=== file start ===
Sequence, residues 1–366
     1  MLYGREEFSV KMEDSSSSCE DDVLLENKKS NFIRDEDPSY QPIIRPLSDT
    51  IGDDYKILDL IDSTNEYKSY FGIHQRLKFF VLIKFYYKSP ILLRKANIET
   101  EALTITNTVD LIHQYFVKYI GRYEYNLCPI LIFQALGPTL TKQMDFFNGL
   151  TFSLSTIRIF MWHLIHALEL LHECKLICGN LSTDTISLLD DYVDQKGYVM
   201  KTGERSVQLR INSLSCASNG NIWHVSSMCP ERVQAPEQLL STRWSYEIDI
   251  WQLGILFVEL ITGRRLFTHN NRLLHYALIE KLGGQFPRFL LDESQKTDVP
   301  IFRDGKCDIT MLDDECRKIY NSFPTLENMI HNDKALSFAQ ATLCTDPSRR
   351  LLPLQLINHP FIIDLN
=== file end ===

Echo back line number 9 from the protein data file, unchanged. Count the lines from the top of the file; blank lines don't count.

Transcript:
   351  LLPLQLINHP FIIDLN